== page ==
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Emerging Market Growth—Executive Insights on Nigeria and Kenya: Changing Business Environment and Emerging Opportunities

  • ID: 3605810
  • Report
  • January 2016
  • Region: Nigeria, Kenya
  • 47 Pages
  • Frost & Sullivan
Africa Rising: Policies, Trends, and Business Conditions Shaping Growth Opportunities in Africa
The report authors get together to present an executive briefing on the new wave of emerging markets with a special focus on Nigeria and Kenya. Africa is expected to remain among the fastest-growing regions globally and local content policies (LCPs) appear to be increasingly shaping industry. Nigeria has implemented LCPs across oil and gas, automotive, and food and beverage industries, and Kenya has implemented LCPs across infrastructure and automotive industries. The briefing begins by identifying trends and growth opportunities for Africa as a whole, followed by a deep-dive analysis of Nigeria and Kenya.

Key Findings

- Three of the 10 fastest-growing countries of 2014 are located in Sub-Saharan Africa. Sub-Saharan Africa is expected to remain among the fastest-growing regions globally.

- The Tripartite Free Trade Area, if finalized by 2016, should help facilitate free trade between African countries and help increase intra-regional trade share by about X% over the next few years.

- The World Bank’s 2016 Doing Business report featured 5 Sub-Sub-Saharan countries - Kenya, Uganda, Benin, Senegal, and Mauritania - among the global improvers.

- Africa has megacities (population over million), with another expected to emerge by 2030. Greater investments in infrastructure and energy are vital to manage rising urbanization.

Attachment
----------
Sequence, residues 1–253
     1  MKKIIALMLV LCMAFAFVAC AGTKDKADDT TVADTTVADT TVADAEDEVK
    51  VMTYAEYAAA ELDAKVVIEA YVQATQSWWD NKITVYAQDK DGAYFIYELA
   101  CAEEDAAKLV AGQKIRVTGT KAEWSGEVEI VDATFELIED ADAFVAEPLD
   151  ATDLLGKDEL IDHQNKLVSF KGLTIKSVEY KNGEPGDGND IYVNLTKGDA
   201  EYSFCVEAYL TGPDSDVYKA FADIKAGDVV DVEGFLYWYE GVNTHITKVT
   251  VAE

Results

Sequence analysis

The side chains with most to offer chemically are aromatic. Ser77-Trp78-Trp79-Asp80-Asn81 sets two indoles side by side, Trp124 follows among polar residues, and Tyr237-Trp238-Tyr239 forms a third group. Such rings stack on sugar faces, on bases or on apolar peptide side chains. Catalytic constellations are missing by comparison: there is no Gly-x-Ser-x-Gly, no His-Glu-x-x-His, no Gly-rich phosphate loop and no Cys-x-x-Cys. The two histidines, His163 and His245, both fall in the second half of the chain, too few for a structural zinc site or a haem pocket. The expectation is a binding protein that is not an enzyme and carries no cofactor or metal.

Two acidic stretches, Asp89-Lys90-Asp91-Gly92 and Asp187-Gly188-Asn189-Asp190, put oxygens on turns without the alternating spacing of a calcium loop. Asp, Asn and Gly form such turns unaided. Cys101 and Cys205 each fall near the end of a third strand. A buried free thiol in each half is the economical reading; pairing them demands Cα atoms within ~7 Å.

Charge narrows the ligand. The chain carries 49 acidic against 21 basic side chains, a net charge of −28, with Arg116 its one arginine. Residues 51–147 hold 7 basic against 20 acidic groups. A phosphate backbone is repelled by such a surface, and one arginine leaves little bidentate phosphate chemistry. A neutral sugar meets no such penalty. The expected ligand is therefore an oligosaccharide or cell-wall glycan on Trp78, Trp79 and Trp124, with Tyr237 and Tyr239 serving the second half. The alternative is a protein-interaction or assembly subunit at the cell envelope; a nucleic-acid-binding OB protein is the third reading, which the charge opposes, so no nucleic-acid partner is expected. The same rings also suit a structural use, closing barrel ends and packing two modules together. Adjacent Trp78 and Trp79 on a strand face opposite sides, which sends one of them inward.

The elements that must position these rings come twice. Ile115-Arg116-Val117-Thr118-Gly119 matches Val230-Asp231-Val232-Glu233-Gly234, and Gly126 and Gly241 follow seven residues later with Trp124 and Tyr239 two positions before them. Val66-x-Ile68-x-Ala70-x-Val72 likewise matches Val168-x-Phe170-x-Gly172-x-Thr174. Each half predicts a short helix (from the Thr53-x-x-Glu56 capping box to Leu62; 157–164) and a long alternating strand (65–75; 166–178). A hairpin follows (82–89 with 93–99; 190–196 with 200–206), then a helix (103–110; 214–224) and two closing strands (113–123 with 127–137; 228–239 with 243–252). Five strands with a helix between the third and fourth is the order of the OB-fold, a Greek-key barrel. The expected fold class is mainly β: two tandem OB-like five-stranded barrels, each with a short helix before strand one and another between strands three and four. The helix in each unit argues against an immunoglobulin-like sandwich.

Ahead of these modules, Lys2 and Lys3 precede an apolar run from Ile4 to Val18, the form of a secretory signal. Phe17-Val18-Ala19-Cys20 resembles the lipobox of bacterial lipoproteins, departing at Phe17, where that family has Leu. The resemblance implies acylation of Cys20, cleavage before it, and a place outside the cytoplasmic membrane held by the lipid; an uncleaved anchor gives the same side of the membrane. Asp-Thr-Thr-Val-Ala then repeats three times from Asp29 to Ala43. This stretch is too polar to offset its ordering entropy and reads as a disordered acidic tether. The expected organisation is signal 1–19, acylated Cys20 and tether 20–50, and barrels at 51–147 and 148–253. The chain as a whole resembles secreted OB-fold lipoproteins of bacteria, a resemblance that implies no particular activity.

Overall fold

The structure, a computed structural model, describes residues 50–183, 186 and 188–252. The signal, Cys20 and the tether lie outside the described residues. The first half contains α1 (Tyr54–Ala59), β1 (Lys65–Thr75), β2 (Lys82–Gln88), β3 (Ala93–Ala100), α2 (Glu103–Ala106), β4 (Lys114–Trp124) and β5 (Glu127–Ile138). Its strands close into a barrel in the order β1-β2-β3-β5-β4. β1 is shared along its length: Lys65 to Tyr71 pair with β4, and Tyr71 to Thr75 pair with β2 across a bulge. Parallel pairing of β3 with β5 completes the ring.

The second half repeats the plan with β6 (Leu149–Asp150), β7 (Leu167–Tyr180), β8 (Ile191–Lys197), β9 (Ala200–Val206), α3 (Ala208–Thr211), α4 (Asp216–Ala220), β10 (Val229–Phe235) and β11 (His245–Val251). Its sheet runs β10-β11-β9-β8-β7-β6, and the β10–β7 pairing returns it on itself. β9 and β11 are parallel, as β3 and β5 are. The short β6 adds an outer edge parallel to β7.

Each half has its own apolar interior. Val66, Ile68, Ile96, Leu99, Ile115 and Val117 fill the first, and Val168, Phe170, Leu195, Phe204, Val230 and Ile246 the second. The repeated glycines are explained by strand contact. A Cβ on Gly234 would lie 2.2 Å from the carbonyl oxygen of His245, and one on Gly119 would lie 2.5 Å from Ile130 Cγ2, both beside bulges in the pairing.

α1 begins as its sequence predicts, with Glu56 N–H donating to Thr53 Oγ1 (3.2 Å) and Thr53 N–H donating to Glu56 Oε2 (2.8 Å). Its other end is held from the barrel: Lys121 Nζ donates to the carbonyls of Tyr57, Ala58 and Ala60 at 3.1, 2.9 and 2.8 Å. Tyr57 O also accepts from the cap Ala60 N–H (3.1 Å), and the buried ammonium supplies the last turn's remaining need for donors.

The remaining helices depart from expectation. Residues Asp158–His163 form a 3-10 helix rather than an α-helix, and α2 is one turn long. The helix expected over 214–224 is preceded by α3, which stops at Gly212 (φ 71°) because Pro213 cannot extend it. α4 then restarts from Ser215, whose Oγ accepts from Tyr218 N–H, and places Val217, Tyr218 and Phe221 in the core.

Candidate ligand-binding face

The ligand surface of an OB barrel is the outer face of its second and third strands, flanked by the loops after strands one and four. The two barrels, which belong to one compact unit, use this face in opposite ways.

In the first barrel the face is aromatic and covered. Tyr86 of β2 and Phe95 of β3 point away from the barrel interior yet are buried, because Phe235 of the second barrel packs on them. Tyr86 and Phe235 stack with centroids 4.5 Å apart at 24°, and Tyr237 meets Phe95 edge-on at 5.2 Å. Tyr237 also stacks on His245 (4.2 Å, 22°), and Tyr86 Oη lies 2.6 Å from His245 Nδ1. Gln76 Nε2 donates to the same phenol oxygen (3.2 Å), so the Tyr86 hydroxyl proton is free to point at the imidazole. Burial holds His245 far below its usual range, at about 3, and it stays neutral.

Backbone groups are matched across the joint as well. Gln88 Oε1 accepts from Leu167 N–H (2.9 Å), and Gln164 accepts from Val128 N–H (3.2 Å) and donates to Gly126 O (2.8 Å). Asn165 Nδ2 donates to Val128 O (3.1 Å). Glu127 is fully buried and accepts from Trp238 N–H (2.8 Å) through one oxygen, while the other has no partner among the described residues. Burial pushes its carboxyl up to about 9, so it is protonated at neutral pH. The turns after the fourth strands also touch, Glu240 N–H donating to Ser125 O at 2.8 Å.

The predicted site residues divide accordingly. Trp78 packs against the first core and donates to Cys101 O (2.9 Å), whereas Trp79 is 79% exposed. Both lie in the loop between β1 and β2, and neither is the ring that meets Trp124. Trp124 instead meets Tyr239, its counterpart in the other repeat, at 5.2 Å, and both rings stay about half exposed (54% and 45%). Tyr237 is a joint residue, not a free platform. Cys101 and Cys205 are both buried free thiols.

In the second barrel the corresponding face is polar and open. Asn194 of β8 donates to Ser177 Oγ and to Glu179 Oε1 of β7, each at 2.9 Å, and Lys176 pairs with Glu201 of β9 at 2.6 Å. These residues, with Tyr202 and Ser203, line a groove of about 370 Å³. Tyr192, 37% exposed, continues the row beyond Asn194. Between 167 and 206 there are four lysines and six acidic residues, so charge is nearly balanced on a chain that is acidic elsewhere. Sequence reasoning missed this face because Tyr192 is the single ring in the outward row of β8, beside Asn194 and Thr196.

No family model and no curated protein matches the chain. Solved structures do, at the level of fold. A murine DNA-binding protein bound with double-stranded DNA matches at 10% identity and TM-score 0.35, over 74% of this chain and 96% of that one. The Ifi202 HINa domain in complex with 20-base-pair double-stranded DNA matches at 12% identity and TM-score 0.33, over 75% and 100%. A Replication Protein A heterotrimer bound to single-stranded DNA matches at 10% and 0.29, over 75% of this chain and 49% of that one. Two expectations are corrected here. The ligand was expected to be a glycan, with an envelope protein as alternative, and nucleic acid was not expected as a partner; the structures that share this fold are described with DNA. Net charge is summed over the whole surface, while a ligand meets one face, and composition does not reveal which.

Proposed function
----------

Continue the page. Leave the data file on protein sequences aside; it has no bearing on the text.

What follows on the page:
- Kenya, Uganda, Tanzania, and Mozambique have made oil and gas discoveries in the past decade. These countries are prioritizing local content policies when framing oil and gas laws.

- Nigeria seeks to move away from its excessive oil dependence and promote industrial growth. It is expected to maintain gross domestic product (GDP) growth of X% - X% in the next years.

- A massive infrastructure boom is under way in Kenya. The country’s growth is anticipated to touch X% by 2017, from an expected X% in 2015.

- Rooting out militant activities is a top priority for both, Nigerian and Kenyan governments. In Nigeria, at least X persons have been killed since the start of the Boko Haram insurgency in 2009.

- Nigeria’s National Automotive Industry Development Plan 2014 eliminates tariffs on complete knockdown kits, thereby encouraging greater local assembly. The plan has attracted global automotive majors into Nigeria.

- Investments across planned and upcoming projects in Kenyan road, rail, port, and airport infrastructure are estimated at $X billion.
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1. Executive Summary

2. Africa - A Macroeconomic Outlook
  • Top Regional Trends
  • A Look into Sub-Saharan Africa’s Economic Growth
  • An Assessment of Foreign Direct Investment (FDI)
  • Moving Towards Enhanced Intra-Regional Trade
  • Sub-Saharan Africa’s Evolving Business Environment
  • Africa’s Favorable Demographics
  • The Urbanization of Africa
  • Projects in Emerging Mega Cities
  • The Mobile Money Platform Catches On
  • Case Study - Success of M-Pesa
  • Digitalization Across Healthcare and Education
  • Power Sector Challenges
3. Nigeria in Focus
  • Nigeria - Country Snapshot
  • Key Political Trends
  • Evolving Local Content Policies (LCPs)
  • LCPs in Nigeria’s Automotive Industry
  • LCPs in Nigeria’s Food Industry
  • Economic Outlook
4. Kenya in Focus
  • Kenya - Country Snapshot
  • Key Political Trends
  • Kenya’s Growing Geothermal Capacity
  • The Transport Infrastructure Boom in Kenya
  • LCPs Across Kenya’s Automotive and Food Industries
  • Economic Outlook
5. Top 5 Predictions

6. Q&A with the Country Expert
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